CHARLESTON, W.Va. – As part of the Legislature’s efforts to continue improving the state’s foster care system, House Majority Leader Amy Summers, R-Taylor, today said leaders will continue to listen and work with foster parents, care providers, experts and agency officials to refine reforms ahead of the 2020 legislative session.
The efforts are designed to build upon a comprehensive reform bill, House Bill 2010, which passed during the 2019 regular session.
“In continuing our efforts to improve foster care in West Virginia, we have been investigating different aspects of the system during our interim committee meeting process,” Majority Leader Summers said. “The additional reforms we’re investigating include codifying the foster families’ rights, and removing an additional 45-day waiting period in the adoption process that the courts and families feel is unnecessary.”
As part of the process of evaluating improvements, Majority Leader Summers – who co-sponsored House Bill 2010 – has met with circuit court judges in her region and attended a forum hosted by the Children’s Home Society of West Virginia to hear foster parents’ concerns.
While Summers said more reforms can be made, she said some problems foster parents currently face stem from a lack of implementation or education about the various aspects of House Bill 2010. She said most of the public debate and media coverage on that bill focused on reforms to the health care portion of the system, so some people might not be aware of other aspects designed to reduce the burdens and streamline regulations on foster families.
“One foster mother shared her frustration of not being able to get approval for her foster child's haircut prior to the start of school,” Majority Leader Summers said. “I was able to refer her to the relevant portions of House Bill 2010 that addressed this so she could read for herself that this was one area we improved. She used that knowledge to take the initiative and work to resolve her situation.”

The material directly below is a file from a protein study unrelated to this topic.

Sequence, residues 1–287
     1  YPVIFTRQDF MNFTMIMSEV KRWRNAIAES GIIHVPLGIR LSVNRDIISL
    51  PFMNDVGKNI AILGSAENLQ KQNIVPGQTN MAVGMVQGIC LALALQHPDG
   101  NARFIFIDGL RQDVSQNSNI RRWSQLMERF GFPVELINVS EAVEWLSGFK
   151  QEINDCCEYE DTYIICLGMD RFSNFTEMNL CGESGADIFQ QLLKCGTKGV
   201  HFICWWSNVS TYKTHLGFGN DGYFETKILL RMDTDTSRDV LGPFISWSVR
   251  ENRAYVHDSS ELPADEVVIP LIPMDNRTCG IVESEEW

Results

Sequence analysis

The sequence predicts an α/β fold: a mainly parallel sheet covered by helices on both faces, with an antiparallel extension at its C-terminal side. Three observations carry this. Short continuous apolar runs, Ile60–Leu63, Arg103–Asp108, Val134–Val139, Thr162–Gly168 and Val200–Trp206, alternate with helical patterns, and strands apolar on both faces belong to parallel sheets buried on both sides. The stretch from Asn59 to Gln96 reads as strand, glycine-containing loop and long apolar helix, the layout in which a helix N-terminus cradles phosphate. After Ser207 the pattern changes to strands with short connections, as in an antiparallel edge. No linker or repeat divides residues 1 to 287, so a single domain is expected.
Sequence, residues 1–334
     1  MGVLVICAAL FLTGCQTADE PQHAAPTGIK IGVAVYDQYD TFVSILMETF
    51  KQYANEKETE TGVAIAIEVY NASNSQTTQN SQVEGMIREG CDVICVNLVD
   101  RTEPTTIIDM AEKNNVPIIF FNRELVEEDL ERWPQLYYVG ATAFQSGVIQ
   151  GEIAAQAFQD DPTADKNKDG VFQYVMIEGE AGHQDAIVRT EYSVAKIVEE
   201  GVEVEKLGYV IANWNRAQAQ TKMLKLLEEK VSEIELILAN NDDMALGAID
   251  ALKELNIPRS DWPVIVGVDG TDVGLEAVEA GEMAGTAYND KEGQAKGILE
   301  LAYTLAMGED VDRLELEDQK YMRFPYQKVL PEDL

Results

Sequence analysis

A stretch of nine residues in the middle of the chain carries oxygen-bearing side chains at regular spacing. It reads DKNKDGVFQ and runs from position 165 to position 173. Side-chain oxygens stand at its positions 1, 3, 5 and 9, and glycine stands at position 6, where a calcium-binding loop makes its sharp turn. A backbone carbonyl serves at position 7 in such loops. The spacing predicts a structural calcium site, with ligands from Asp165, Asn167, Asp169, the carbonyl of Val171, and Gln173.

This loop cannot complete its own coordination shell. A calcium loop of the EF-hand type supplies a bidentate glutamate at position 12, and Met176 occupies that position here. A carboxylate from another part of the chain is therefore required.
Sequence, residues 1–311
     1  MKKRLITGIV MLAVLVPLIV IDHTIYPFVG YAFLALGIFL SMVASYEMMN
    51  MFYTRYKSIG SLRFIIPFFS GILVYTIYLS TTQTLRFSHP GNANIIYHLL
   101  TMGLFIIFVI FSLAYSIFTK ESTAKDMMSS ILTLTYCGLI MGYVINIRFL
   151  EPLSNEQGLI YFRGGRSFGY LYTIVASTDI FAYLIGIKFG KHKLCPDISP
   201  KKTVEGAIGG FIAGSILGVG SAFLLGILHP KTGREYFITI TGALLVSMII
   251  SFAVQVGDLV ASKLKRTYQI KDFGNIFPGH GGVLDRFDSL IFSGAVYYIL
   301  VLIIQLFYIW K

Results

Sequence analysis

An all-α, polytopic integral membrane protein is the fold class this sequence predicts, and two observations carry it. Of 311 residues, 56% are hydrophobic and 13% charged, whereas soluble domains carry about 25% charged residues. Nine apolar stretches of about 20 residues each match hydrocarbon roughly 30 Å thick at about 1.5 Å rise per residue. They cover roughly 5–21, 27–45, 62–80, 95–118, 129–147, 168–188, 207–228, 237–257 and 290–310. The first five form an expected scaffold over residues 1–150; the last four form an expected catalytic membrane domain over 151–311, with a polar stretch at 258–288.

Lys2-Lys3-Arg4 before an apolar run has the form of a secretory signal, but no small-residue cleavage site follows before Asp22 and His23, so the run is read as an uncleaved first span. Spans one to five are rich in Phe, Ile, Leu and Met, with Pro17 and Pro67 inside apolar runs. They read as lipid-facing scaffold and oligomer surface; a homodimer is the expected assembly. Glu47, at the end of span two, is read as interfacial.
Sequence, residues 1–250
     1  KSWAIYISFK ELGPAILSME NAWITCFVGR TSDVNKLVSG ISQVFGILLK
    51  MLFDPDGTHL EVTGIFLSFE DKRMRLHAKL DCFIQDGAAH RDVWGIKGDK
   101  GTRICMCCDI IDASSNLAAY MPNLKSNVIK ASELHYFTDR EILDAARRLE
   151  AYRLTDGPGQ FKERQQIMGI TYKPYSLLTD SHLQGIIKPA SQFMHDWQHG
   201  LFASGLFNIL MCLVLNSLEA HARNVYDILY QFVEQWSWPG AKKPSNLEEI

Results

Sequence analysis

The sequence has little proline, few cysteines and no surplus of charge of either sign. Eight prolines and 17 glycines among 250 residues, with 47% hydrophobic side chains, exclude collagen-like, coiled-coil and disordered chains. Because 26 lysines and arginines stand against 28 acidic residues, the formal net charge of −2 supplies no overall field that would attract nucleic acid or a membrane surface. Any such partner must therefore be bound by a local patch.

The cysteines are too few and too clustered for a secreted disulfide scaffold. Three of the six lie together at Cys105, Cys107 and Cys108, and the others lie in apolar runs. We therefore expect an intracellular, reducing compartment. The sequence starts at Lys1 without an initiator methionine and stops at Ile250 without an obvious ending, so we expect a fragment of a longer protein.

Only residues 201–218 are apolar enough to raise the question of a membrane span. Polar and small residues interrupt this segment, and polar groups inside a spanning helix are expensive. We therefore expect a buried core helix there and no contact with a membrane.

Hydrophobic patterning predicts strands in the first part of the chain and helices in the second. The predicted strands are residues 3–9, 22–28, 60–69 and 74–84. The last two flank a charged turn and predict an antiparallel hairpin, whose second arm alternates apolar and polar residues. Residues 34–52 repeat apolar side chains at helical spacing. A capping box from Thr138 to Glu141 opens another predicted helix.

The West Virginia Foster, Adoptive and Kinship Care Network, in partnership with Marshall University and the state Department of Health and Human Resources, recently released a survey designed to allow foster, adoptive and kinship parents the opportunity to provide input on ways to strengthen the state’s child welfare system.
That survey is available at wvfosterparents.org/survey. It will be available until Nov. 18 to allow time for processing submissions ahead of December legislative interim committee meetings.
Majority Leader Summers encourages state foster, adoptive and kinship care families to participate in the online survey and provide their input.
“We thoroughly support the biological parents’ rights all while wanting the families who step up to provide the valuable service of foster care the support they need,” Majority Leader Summers said. “In order to identify the areas of concern foster parents share, the Legislature will receive the results of a survey prepared by the foster community in December and use it to continue our reform efforts.”
Last week, the state DHHR appointed Pamela M. Woodman-Kaehler as Foster Care Ombudsman for West Virginia. This new position, created by House Bill 2010, will provide oversight and recommend improvements to the state’s child welfare system.
Majority Leader Summers said she welcomed Woodman-Kaehler’s appointment, and looks forward to working with her and other advocates to continue improving the state’s system.
“We want to enhance any aspects of the system we can to make this endeavor less stressful for all involved,” she said. “This may be through new legislation or just alerting the relevant governmental agencies and foster care providers what needs to be done better to make the journey easier for all involved.”